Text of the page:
Futures were higher in New York and slightly higher in London. It was a wild week of trading in New York as the market wrestled with various factors. Support came from a lack of supply in Brazil at this time and on concern that previous bad growing conditions have hurt production potential in the Cerrado, home of about 10% of all Brazil production. Many producers and exporters have run out of Coffee in storage to sell. In addition, containers are bottled up in China and are increasingly hard to find for shipping in most Coffee exporter countries. The chart trends are up in New York and mixed in London due to big production ideas. Rains were reported in Brazil Coffee areas over the weekend and showers are continuing through this weekend. It is dry in other parts of Latin America. Central America has had less than normal rains, especially in Honduras. The Asian harvest is underway but producers do not seem to be selling on ideas that prices are too low. Vietnam exports remain behind a year ago, but the market anticipates bigger offers. Vietnamese crops are expected to be big despite uneven growing conditions earlier in the year. Growing conditions are uneven again this year as it is dry in many growing areas. The Real lost once again to the US Dollar Index and remains very cheap.
New York and London closed sharply lower again last week on the back of weaker petroleum futures. The weaker petroleum futures make higher-priced ethanol that much more expensive to blend and cuts demand. That makes more Sugarcane available for processing into Sugar. The Brazil mills are trying to cover the lack of White Sugar in the market. Reports indicate that little is on offer from India. Thailand might also have less this year due to reduced planted area and erratic rains during the monsoon season. Reports of good weather in Brazil imply good crops there. Farmers have been selling to mills but the harvest is now almost over so the supplies will start to tail off. Brazil mills continue to favor ethanol in the production mix, but current higher prices for Sugar make it economic for more processing to Sugar instead of ethanol at this time.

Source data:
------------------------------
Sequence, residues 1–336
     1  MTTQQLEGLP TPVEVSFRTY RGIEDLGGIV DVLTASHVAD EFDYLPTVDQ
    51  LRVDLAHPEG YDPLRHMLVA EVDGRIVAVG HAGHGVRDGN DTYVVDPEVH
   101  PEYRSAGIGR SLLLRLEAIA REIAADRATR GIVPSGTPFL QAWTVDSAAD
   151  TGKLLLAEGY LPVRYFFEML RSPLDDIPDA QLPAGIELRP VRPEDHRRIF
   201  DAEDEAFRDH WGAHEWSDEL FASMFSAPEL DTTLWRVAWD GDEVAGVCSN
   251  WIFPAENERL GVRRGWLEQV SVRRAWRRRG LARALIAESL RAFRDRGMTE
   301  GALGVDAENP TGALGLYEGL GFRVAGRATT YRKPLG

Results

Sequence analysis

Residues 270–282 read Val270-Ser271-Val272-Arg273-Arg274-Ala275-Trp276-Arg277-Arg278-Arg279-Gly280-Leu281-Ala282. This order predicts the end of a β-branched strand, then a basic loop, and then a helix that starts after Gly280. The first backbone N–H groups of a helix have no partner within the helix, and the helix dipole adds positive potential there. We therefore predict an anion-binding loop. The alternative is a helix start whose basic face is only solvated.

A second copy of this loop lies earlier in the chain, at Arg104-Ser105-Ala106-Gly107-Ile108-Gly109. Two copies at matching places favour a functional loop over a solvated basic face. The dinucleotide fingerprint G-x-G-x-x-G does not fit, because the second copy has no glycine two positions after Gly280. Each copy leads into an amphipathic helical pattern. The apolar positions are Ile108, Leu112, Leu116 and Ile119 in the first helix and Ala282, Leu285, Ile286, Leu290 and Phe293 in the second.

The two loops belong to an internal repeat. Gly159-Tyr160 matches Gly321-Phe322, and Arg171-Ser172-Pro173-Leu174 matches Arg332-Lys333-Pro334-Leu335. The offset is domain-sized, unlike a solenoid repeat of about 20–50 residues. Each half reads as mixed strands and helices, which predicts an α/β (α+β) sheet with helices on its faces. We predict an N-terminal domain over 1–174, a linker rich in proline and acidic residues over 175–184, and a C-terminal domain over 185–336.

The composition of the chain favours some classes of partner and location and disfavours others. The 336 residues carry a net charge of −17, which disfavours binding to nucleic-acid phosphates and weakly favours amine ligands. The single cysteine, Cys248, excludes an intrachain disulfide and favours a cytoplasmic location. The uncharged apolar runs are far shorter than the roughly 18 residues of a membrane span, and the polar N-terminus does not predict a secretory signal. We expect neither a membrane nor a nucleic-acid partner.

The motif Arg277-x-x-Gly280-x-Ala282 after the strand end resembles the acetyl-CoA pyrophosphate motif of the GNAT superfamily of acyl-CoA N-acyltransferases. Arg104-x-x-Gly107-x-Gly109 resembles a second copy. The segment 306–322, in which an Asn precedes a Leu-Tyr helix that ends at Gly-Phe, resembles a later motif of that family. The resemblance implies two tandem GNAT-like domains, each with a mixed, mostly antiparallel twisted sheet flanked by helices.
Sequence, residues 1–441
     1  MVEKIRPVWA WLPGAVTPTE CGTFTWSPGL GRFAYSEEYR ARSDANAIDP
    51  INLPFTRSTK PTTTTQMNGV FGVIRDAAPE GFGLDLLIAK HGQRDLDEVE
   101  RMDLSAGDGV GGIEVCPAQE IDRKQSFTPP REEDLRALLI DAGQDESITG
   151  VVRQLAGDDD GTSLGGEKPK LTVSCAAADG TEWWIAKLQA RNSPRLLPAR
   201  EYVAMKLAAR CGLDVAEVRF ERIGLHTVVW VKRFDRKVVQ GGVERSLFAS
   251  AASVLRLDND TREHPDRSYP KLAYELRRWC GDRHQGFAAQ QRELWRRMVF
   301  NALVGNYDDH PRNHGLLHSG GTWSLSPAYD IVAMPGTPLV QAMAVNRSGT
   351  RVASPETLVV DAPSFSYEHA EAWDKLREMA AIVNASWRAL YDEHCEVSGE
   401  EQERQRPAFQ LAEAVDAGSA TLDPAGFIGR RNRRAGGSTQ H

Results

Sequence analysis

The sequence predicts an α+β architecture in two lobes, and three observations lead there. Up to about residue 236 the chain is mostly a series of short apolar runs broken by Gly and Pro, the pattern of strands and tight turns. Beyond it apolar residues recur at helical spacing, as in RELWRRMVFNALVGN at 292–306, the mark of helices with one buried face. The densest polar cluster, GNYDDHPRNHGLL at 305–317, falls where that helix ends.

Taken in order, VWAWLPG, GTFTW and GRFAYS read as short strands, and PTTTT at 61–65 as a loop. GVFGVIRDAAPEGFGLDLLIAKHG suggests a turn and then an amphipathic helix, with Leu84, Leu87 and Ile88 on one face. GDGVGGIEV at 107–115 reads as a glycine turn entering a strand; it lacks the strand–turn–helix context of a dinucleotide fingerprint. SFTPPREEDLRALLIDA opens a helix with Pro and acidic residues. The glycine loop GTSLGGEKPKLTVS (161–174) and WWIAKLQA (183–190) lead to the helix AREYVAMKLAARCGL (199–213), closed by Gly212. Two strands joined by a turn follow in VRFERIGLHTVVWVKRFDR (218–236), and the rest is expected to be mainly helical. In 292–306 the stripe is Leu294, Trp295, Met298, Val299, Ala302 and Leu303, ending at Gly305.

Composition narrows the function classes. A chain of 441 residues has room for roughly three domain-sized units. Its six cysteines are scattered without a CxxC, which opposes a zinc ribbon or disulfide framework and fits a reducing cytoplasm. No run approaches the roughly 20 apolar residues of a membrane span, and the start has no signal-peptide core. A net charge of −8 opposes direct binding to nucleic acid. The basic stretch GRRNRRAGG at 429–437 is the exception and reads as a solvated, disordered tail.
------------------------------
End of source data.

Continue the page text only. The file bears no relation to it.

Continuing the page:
New York closed lower for the week and trends remain down on the weekly charts. London closed higher and trends are mixed. Harvest is now over for the main crop in West Africa and the results so far are very good. Ideas are that demand is currently strong but less than before. The reports from West Africa imply that a big harvest is possible in the region. Ivory Coast arrivals are strong and are above year-ago levels. The weather in Ivory Coast is good. The weather is too dry in Ghana and Nigeria and there are fears that the mid crop is not developing well at this time.
(Featured image by Văn Ngọc Tăng on Unsplash)